It’s important. It’s important to grasp, conceptually and intuitively, what makes your customer tick. I have never had a CEO and a client who’s done this who hasn’t walked away with some kind of insight. Even if you do this regularly, you have to do it a lot more when the market changes because you don’t know if what you used to know is still true or not. You either need confirmation, “Yep, true, hasn’t changed,” or, “Whoa, it’s really changed a lot, and this is going to have a big impact on the numbers in a few months here.” Those are the kinds of things you want to try to figure out. I like doing face-to-face consumer or customer interviews. It’s my favorite, by far favorite, research method. I know all kinds of statistical methods and how to do regression analysis, cluster analysis, statistical techniques I know, conjoint analysis, focus groups. I’ve run focus groups before when I was at McKinsey, and I still like to interview. Just eyeball-to-eyeball, “What makes you tick? I want to know.”
There are a few things you want to do while you’re there. You want to ask them the questions I asked earlier, and you also want to try out new ideas. I call this the concept test. Here’s how it goes. You say, “What if I could deliver that product offering with a different financing package? Would that be interesting to you?” “What if, instead of buying that product, I could rent it to you?” “What if, instead of buying new equipment, I could sell you a service contract to make sure your existing equipment works?” And you just do, “What if I could do this?” You’re testing out ideas. What you’re looking for is to see what idea piques the other person’s interest. I’ll give you my million-dollar, this is ridiculous, but my million-dollar customer-research technique. It is two things and they’re nonverbal signals. When you say, “What if I could do extra for you?” And the customer says, “Oh, I didn’t know that was possible.” Or something like that. “Oh.” They always say “oh,” for some reason. And then when they say, “Oh,” their eyebrows move up. Watch the eyebrows. Every time I’ve seen this eyebrow go up, it’s been a multimillion-dollar opportunity. I’ve only seen it maybe a handful of times in my career. To say, “Hey, what if we could do this, this, and this?” They go, [raises eyebrows]. You have your answer right there. They like it.
By the way, I later learned that I had a client that was a police interrogator, a former police interrogator. I’ve read books by FBI hostage negotiators. One of the things they look for is, when you ask a suspect a question, for example, before they answer verbally, they’ve already given you the honest answer, and it has to do with their face. I’m obviously not a hostage negotiator, but the body language I’ve noticed in my customer-research work is the eyebrows. When they inflect up, when they’ll go up with a voice inflection, “Oh,” That’s a sign that they like it. Then, when you get one of those, you do a timeout, and you figure out, “What did I just say that made you go ‘oh’? Did you like the financing terms? Is it because of the product? Is it because of the pricing plan? The pricing structure? Is it because of module A, B, or C? What is it that I just said that made your eyes light up?” You want to know.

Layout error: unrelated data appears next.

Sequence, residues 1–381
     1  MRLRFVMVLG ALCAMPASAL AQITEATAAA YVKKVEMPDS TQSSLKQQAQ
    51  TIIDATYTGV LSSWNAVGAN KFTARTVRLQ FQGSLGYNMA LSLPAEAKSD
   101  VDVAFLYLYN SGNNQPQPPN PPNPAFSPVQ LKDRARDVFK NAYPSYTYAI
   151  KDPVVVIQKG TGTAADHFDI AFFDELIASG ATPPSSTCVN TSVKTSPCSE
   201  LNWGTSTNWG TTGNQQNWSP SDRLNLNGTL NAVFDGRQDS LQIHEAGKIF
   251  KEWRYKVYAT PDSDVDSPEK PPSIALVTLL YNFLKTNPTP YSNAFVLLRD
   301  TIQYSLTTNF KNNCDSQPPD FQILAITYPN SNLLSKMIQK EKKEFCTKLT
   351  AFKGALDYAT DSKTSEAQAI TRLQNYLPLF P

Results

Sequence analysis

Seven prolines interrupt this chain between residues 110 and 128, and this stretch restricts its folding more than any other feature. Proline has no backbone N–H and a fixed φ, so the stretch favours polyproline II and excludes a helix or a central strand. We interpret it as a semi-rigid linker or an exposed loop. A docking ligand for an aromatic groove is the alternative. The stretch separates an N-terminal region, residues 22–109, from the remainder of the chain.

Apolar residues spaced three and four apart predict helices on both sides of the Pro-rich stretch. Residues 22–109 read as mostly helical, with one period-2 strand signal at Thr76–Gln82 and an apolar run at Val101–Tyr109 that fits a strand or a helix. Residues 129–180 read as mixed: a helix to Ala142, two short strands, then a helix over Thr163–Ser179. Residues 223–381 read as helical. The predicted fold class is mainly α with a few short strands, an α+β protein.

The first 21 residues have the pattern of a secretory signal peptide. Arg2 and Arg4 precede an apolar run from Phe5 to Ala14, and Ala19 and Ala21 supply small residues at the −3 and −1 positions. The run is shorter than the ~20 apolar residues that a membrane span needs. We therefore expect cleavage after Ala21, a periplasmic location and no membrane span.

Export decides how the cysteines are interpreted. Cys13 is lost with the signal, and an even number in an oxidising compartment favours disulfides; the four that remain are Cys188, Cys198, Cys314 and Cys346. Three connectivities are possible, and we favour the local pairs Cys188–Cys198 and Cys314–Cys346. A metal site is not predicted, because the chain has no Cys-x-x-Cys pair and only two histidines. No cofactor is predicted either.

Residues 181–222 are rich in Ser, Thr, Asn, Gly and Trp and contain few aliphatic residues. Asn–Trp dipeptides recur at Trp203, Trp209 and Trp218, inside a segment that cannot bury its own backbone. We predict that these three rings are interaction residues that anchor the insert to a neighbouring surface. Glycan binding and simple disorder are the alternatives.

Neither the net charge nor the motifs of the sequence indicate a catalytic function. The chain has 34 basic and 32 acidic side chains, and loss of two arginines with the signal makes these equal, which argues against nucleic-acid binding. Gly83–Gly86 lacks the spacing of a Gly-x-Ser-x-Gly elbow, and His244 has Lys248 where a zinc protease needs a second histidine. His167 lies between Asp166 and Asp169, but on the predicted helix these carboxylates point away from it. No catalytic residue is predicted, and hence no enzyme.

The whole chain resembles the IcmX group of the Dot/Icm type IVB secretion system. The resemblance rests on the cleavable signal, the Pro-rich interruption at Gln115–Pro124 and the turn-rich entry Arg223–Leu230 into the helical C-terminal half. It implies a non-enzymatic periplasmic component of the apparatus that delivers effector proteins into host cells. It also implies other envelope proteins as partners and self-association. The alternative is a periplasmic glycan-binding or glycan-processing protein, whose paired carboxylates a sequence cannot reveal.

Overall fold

That’s what I do when I do customer interviews. I go hunting for that look. I’m trying to find the idea that sparks interest. I’m trying to understand my products’ usage in the context of the customer’s overall environment. I’m trying to get feedback. I’m trying to see their world through their eyes. When you do, and if you’re paying attention, you get insights. You get insights for a new product capability, a new way to price, a new delivery mechanism. There are lots of different insights you can get on how to alter your business for the better.
That’s my tip for today on how to understand your customers, especially when the market conditions have changed. You want to verify that either their needs haven’t, and their way of thinking about your product category has not changed and have confidence in your current direction. Or, you want an early warning that the market has changed, and in which direction so you can adapt quickly. When the market changes 20%, you have to change more than 20% in order to thrive. That’s the key. The trick is to figure out when the market is changing and where it’s changing toward. Those are the things you want to figure out through customer research. On that note, I will end my video for today. Best of luck on your business, and I’ll talk to you in another video. Thanks, everyone. Have a great night. Bye.